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Old 01-09-2013, 09:22 AM   #21
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All I can say is start making your plans now. I elt the same way at your age and saved my pennies. I am pushing 40 now and climbing the cube walls, but at least I have been accumulating capital and at some point I will walk away from this nonsense and do something better with my life.
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Old 01-09-2013, 09:24 AM   #22
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I have never heard of a pension that can be drawn at age 38.
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Old 01-09-2013, 09:26 AM   #23
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Compared to the real "geezers", I am young and should feel young. Too bad I don't feel it. Perhaps all those long working hours finally show their effects.

So, I have also been reading about people who goof off early in their 20s and 30s to have some fun. They will have to go back to work eventually, as many of them already did. It may cost them the time they could have worked to build up their savings, so they may have to work longer now. But then, they also are used to unconventional lifestyles, and do not have the needs of conventional people like myself. So, they may still be able to retire early.

Many different paths through life, and one has to chose his own.
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Old 01-09-2013, 09:26 AM   #24
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This feeling may be because of my surroundings. Dad is self employed and takes off when he feels like it, mon works part time, sister doesn't work for no good reason, two cousins live at home off their parents and barely work... Maybe in jealous a little bit. I watch all these people around me enjoying all the extra hours home from work, and they seem to be doing alright, why am I working so much?
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Old 01-09-2013, 09:26 AM   #25
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People talk about how expensive kids are... I'm not sure I completely agree.
1) Food - Our grocery budget is $600 a month, and the kids easily take half that each month. $300 invested each month for 18 years at 8% return = $131,220.88...and that's just for groceries! That amount is what I'll have less in retirement.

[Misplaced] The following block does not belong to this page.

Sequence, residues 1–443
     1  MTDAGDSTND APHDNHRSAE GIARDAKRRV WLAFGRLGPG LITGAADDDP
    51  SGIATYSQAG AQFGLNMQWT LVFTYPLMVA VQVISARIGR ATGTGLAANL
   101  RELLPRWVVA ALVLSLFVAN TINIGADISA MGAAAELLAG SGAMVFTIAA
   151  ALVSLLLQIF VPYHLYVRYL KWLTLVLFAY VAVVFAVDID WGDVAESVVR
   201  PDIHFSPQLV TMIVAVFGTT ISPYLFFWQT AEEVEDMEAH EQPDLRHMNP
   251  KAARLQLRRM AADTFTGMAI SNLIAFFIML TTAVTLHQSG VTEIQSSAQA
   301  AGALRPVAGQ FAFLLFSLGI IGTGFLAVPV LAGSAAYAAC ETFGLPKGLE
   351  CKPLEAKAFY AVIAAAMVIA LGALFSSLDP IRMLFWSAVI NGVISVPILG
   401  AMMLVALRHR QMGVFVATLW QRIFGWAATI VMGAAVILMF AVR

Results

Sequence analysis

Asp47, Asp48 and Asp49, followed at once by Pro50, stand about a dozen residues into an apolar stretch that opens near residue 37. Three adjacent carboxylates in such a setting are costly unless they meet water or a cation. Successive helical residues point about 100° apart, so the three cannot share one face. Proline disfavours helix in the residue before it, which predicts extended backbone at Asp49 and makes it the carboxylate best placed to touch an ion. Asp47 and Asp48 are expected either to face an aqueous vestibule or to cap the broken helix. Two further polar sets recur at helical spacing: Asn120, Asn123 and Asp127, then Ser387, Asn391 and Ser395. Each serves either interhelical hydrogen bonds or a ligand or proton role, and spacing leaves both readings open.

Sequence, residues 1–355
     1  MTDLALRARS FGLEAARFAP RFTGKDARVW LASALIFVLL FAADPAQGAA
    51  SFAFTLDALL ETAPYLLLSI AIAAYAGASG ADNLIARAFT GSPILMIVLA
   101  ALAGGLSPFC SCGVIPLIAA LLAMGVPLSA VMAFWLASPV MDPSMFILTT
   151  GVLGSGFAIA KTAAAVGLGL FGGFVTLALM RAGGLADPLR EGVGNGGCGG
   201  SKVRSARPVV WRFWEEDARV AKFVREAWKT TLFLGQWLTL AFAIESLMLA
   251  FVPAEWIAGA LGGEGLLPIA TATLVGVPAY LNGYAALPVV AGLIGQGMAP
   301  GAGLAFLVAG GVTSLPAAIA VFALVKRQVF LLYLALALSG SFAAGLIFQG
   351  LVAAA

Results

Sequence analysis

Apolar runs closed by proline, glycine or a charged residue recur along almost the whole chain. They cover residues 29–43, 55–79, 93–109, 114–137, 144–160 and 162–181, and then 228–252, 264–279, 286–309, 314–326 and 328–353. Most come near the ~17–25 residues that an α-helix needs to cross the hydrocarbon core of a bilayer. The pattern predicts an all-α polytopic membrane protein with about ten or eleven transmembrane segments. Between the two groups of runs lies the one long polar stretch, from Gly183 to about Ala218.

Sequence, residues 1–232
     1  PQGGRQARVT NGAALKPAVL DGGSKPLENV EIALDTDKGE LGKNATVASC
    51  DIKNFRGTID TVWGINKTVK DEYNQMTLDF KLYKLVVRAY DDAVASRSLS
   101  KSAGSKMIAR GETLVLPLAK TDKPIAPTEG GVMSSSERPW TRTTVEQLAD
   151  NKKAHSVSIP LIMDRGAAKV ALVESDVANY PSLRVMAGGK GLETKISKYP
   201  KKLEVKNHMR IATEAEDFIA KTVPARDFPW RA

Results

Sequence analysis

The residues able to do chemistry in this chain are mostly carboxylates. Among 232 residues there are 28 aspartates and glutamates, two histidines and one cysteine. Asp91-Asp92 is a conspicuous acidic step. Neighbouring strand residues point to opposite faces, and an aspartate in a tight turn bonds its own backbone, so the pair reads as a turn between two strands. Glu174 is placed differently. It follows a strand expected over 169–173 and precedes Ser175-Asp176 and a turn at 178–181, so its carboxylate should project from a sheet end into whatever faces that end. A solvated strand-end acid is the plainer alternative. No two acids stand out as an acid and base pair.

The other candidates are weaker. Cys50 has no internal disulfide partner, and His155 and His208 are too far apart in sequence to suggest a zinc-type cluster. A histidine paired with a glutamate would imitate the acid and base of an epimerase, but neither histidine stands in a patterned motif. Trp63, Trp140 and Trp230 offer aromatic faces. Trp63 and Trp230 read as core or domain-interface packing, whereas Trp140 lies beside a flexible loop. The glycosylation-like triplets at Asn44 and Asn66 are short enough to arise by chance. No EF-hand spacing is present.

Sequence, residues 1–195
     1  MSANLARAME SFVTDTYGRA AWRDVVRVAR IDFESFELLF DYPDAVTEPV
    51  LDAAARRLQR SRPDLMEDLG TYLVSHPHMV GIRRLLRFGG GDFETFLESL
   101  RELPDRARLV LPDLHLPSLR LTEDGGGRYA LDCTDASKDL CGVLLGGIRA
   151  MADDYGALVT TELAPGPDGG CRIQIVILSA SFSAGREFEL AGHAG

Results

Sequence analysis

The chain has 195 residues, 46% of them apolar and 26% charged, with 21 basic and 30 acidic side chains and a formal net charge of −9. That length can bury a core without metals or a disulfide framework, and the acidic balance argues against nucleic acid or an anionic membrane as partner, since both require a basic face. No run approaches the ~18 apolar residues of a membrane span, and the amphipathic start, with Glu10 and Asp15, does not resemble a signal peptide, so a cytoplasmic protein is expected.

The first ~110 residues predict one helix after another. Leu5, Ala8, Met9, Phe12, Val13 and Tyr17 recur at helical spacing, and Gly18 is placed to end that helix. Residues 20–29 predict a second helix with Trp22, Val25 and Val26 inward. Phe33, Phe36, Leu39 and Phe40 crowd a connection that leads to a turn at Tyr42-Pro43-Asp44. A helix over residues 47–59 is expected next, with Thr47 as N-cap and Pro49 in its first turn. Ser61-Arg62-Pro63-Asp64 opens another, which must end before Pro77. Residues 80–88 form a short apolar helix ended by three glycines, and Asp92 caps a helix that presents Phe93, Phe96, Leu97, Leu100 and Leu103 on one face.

2) Dental, vision, and other medical - We pay extra for insurance because we have a family. My daughter's orthodontia cost over $10,000 out of pocket for us because she needed everything under the sun, early wisdom teeth extraction and a minor surgery. Son's out of pocket was about half that. - $15,000.

3) Athletics - We live in a pay to play school district. My daughter is a three-sport athlete which is $150 per sport per year ($450). My son is in middle school and currently only a two-sport athlete, but he will be a three-sport athlete and perhaps even a four-sport athlete when he enters high school ($300 a year now and perhaps $600 a year in high school). We also have to give money to the boosters for each sport which is another $30 per sport (that's another $150 right now). On top of all that, we buy sweats for cross country and track and then they have to buy the uniform top. Then, this past fall, my daughter had a serious running injury that after insurance ended up costing us $1,000 out of pocket. Oh, and there's the time my son broke his thumb doing a backflip on our couch. Conservatively this will end up being $6,000 by the time they are done with high school.

4) Band - Both my kids are in band. Trumpets and clarinets are expensive not just to buy but also to maintain. Giving money to the band boosters is expensive. Only because my daughter is able to use my wife's old clarinet (which cost $300 to overhaul), we're probably about $1500 into instruments and reeds for the clarinet.

5) Lost wages - My wife was a stay at home mom for more than 14 years. She left a $47,000 a year job at the beginning of that with big raises likely to come. $47,000 a year (not giving her a raise) times 14 = $658,000. Conservatively I'll up that to $700,000. Let's say we invested HALF that amount for the last 14 years ($25,000 per year for 14 years). At 8% return, that's $580,373, and that would take us up just to today for me at age 46. Let's now not add to that and see what that turns into by the time I'm 60 when I want to retire - $1,778,097.74.

6) Bigger house. Could be a wash as we could easily spend the same for a house. Does cost more to heat and cool this bigger house, but I'll keep this as a wash. Though, we did pick a house in a great school system and we pay big taxes for that...we would likely not have done so if we didn't have children.